UBC’s Okanagan campus is paving the way for more Aboriginal people to access a degree program at the University of British Columbia.
The university’s Okanagan Senate recently approved the Aboriginal Access Studies (AAS) admissions policy. Through the program, students are provided a variety of supports to succeed at the university level and help build their post secondary capacity.
“Ninety-six per cent of BC Aboriginal secondary school students are not university eligible,” says Lyle Mueller, Director of Aboriginal and International Programs and Services. “With only four per cent of Aboriginal high school students being university eligible, Aboriginal Access Studies helps reduce that gap.”
The admissions policy now provides for admitting all successful Aboriginal Access Studies students to a degree program, says Adrienne Vedan, Aboriginal Access Advisor and a member of the Okanagan Nation.
“That’s a huge paradigm shift and provides access to a growing underserved segment of the population,” she says.
AAS students take three first-year university courses per term for two to three terms, receive support ranging from cultural to academic and can apply to a degree program with a minimum of six courses, or 18 credits, with a minimum of 60 per cent in each course.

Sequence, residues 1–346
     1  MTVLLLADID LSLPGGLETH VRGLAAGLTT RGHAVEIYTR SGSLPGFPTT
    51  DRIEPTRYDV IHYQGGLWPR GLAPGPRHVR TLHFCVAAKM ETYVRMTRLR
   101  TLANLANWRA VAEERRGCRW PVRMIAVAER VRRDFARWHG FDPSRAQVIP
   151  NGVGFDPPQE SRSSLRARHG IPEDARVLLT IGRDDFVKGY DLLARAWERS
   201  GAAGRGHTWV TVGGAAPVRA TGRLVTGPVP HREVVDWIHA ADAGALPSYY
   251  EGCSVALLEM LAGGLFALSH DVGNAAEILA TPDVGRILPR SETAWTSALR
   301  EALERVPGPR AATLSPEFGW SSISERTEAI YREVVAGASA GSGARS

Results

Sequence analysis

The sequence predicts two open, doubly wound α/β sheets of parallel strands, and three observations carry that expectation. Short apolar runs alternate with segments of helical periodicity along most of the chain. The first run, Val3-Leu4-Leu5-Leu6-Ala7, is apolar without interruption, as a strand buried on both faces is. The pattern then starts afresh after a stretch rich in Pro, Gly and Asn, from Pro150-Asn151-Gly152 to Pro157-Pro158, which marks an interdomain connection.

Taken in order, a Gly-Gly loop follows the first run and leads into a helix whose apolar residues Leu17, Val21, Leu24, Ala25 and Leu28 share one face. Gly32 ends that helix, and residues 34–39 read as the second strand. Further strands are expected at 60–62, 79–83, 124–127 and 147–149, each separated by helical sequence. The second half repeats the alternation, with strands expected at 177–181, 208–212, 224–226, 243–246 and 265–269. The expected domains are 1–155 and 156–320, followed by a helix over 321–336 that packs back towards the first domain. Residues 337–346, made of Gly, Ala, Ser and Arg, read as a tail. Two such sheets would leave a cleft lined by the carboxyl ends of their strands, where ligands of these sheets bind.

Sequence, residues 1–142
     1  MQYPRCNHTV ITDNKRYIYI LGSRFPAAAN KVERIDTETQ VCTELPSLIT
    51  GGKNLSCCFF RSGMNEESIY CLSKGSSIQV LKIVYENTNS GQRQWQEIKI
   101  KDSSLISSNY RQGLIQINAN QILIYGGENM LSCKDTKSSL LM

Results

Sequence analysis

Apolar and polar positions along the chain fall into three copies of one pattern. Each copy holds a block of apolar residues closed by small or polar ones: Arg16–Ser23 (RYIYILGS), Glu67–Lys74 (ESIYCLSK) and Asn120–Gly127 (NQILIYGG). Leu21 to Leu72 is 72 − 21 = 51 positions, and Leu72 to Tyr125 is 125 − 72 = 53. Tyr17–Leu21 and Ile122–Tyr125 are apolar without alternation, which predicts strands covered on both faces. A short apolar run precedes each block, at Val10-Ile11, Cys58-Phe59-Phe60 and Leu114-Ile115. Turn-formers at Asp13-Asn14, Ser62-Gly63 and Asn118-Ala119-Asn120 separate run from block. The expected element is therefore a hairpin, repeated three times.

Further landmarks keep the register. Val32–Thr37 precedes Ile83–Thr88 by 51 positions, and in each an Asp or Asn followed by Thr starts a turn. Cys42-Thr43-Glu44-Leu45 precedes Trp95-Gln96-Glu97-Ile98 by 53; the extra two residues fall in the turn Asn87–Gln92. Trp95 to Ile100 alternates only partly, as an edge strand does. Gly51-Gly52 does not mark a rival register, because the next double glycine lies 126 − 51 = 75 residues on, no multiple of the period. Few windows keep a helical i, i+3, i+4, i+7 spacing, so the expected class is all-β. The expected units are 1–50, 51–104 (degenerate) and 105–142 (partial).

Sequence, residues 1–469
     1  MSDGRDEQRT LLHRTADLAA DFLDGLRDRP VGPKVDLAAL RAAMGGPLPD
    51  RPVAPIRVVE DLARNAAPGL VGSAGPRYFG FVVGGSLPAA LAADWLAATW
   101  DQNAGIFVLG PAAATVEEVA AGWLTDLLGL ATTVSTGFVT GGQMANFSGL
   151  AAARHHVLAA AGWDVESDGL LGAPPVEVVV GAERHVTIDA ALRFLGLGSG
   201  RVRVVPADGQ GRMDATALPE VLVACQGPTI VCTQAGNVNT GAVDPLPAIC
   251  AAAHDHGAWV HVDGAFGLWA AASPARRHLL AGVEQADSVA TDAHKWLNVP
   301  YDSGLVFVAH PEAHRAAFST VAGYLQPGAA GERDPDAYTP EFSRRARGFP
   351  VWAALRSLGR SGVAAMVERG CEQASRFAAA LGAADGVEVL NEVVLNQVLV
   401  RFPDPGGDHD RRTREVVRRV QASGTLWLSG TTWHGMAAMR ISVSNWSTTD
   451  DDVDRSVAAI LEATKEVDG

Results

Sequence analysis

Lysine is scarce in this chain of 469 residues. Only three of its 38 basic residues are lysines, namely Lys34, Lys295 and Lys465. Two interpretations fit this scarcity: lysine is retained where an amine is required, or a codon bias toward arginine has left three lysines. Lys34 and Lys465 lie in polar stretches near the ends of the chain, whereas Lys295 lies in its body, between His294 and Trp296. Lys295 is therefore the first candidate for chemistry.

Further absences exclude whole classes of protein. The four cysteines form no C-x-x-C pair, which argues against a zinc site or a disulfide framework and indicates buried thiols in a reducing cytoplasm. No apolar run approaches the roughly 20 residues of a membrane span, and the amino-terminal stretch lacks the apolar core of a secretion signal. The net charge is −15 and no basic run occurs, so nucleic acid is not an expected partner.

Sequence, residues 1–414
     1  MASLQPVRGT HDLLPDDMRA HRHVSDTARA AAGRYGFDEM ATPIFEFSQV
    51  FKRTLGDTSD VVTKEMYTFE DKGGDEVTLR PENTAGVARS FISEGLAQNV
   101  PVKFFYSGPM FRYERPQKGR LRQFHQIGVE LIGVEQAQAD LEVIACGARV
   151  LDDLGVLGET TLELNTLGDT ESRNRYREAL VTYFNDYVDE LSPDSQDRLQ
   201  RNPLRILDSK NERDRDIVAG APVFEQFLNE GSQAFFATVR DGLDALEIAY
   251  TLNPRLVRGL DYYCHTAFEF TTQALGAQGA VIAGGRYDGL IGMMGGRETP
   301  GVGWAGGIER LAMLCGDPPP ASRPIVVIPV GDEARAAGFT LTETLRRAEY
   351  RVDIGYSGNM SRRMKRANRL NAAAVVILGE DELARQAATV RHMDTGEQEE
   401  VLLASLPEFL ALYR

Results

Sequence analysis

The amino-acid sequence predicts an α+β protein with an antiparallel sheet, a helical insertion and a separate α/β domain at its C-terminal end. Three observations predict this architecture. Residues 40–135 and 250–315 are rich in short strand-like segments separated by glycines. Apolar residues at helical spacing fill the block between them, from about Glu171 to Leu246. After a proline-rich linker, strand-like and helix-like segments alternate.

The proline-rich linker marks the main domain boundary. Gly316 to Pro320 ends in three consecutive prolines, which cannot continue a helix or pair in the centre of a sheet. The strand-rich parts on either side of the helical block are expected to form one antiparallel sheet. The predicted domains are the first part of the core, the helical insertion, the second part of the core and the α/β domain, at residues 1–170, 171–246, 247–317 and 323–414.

The program supports a diverse range of students varying in ages from 18 to 50, including recent high school graduates, mature students, those who would like additional supports as they step into university life and those whose grades do not reflect their academic potential.
Courses include Indigenous Studies as well as Aboriginal perspective courses – Math 126 and English 114. Also, in partnership with the En’owkin Centre in Penticton, Okanagan language is offered at UBC’s Okanagan campus.
“The program has been a great experience for me,” says student Cody Tolmie. “I feel as though it has opened me up to my potential as a student and as person as a whole. The way the classes are structured is very helpful, and the staff in the Aboriginal Centre has helped me every step of the way.
“The greatest academic benefit from the Access program has been Math 126,” Tolmie says. “Were it not for the specific structure of this class I would be nearly a year behind in my academic career. The program has immersed me in a great multitude of cultures, while truly allowing me to find my own. It has given me not only confidence in my heritage, but also confidence in myself.”
For more information on Aboriginal Access Studies call 1-888-807-8202 or email Adrienne Vedan at: firstname.lastname@example.org.
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